It’s all finally getting into print in Steve’s new book:  Movements that Can Change the World published by Missional Press.  There is also a plethora of great resources on Steve’s blog:

Influence = Derek and ChrisTiana Rice

May 31st, 2009


“I am not ashamed to confess publicly that next to theology there is no art which is the equal of music, for she alone, after theology, can do what otherwise only theology can accomplish, namely, quiet and cheer up the soul of man, which is clear evidence that the devil, the originator of depressing worries and troubled thoughts, flees from the voice of music just as he flees from the words of theology.  For this very reason the prophets cultivated no art so much as music …

-  Martin Luther, 1530

To lead worship, as expressed in music, obviously requires some natural abilities and acquired skills.  But those alone, do not make good worship leaders.

All of us have been subjected to people who lead “worship” who are more intent on performance and listening to the sound of their own words and voices rather than knowing how to usher participants into the presence of God.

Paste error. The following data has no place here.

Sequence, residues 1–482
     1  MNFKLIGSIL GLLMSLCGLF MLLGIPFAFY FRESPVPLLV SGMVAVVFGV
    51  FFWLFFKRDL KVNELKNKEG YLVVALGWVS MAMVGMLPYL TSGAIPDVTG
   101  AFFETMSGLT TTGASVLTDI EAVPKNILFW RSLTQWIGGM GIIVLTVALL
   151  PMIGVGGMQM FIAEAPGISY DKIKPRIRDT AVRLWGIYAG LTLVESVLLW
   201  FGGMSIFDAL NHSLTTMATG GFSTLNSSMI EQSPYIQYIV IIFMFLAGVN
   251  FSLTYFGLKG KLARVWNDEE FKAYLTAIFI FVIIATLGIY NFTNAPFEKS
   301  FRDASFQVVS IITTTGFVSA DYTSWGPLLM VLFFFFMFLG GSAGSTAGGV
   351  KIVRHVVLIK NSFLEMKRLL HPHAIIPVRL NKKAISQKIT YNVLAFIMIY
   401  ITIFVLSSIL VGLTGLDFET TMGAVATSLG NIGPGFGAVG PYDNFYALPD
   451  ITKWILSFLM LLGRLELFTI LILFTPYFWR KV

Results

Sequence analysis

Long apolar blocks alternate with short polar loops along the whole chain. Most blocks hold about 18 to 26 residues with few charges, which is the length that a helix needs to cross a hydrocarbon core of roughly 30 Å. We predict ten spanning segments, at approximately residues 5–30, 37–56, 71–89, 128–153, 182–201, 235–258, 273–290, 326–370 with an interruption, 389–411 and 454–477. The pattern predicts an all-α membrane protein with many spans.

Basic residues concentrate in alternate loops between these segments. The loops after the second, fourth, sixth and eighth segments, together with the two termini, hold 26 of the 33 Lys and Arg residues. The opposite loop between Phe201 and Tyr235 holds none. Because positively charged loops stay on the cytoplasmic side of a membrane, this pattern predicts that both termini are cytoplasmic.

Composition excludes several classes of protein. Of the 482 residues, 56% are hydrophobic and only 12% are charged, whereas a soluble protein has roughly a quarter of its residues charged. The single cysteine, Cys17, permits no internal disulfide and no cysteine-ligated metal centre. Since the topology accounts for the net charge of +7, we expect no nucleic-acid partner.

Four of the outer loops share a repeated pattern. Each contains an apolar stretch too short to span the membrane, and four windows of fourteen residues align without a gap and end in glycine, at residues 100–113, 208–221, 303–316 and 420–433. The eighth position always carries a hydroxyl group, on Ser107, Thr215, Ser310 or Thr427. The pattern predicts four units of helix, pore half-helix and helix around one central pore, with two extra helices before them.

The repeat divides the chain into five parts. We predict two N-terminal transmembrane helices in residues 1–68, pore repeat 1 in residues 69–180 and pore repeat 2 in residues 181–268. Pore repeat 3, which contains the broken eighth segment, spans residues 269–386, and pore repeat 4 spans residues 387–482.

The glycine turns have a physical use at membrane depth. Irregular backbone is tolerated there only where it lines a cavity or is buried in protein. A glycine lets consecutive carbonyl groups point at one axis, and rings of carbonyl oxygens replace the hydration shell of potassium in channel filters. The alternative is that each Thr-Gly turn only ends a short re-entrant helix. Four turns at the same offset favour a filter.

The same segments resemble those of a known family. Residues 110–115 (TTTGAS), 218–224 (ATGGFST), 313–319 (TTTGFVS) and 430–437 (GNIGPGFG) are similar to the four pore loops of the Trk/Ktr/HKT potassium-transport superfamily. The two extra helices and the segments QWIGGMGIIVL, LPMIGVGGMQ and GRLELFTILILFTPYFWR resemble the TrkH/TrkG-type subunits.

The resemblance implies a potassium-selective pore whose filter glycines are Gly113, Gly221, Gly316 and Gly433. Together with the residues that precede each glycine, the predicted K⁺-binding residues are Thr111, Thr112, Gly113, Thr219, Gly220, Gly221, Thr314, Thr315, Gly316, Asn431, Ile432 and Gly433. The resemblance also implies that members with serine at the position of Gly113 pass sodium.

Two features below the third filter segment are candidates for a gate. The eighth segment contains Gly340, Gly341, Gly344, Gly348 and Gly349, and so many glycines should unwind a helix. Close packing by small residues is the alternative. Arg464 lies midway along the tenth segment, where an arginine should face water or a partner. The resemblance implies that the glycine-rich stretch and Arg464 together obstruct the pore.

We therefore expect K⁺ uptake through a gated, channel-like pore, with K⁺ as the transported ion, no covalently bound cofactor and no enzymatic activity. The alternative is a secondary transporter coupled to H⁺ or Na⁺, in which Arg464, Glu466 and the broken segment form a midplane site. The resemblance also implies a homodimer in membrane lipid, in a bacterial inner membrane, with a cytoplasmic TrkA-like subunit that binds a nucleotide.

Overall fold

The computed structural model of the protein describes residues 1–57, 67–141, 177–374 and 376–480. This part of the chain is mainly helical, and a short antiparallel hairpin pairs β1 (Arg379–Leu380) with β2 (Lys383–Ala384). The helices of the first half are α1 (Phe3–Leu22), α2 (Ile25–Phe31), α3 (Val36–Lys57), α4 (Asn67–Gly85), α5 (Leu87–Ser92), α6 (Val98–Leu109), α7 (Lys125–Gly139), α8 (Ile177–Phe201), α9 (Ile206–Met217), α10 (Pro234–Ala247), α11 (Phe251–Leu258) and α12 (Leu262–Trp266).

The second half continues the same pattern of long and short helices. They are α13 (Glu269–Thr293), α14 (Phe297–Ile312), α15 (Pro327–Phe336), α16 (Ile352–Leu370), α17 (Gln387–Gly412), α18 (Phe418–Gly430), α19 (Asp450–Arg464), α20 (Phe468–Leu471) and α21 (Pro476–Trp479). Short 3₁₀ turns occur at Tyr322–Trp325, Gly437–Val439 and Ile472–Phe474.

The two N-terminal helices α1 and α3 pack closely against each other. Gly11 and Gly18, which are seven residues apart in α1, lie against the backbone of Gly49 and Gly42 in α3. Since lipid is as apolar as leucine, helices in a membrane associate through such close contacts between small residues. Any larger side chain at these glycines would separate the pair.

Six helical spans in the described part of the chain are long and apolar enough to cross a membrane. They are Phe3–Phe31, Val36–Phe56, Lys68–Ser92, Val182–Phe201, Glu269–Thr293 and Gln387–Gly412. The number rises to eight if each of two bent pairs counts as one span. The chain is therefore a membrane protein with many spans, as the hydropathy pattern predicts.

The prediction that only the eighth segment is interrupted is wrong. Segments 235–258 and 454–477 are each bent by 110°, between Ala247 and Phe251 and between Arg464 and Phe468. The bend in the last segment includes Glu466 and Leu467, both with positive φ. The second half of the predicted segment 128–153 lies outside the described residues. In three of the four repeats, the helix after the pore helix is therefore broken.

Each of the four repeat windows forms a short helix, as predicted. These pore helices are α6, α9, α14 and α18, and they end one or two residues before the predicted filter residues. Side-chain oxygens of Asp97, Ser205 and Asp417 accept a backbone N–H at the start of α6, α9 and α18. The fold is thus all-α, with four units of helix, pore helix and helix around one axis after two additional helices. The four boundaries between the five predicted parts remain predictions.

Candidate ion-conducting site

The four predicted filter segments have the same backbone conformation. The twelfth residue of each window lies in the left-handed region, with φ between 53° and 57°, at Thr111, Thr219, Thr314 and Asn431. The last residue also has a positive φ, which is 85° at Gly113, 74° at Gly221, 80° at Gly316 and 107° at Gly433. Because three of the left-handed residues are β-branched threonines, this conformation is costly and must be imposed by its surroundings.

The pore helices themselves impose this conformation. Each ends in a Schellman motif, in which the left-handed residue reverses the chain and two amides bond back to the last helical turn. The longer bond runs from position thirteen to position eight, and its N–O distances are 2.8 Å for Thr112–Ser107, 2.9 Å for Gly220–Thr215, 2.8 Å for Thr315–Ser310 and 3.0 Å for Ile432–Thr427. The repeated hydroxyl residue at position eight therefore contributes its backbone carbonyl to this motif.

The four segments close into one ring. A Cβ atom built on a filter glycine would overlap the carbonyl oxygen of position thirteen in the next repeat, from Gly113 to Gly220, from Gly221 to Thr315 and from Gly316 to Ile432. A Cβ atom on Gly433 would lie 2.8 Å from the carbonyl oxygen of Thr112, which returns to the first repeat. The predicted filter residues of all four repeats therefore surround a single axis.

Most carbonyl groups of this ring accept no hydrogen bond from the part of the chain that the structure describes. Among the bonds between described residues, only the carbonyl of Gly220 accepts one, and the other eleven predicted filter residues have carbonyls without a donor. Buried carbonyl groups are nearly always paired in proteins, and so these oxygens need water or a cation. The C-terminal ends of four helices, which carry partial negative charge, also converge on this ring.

Derek and ChrisTiana Rice are two of my favorites when it comes to the use of music in worship.  And it is not because of their talent – which is considerable – but because of the source of their leadership.  Worship, and leading others in this pursuit, emanates out of their own intimacy with Jesus.  It flows from the depth of their souls and is grounded in their awe of the holy.

I’d like to clone them.  And this actually what will happen in the years ahead as they mentor, coach and develop others with their same sensitivities and passion.

Derek and ChrisTiana serve with NieuCommunities in San Diego, CA.

Influence = Nadim

May 29th, 2009

It’s a region of the world where everything seems to collide.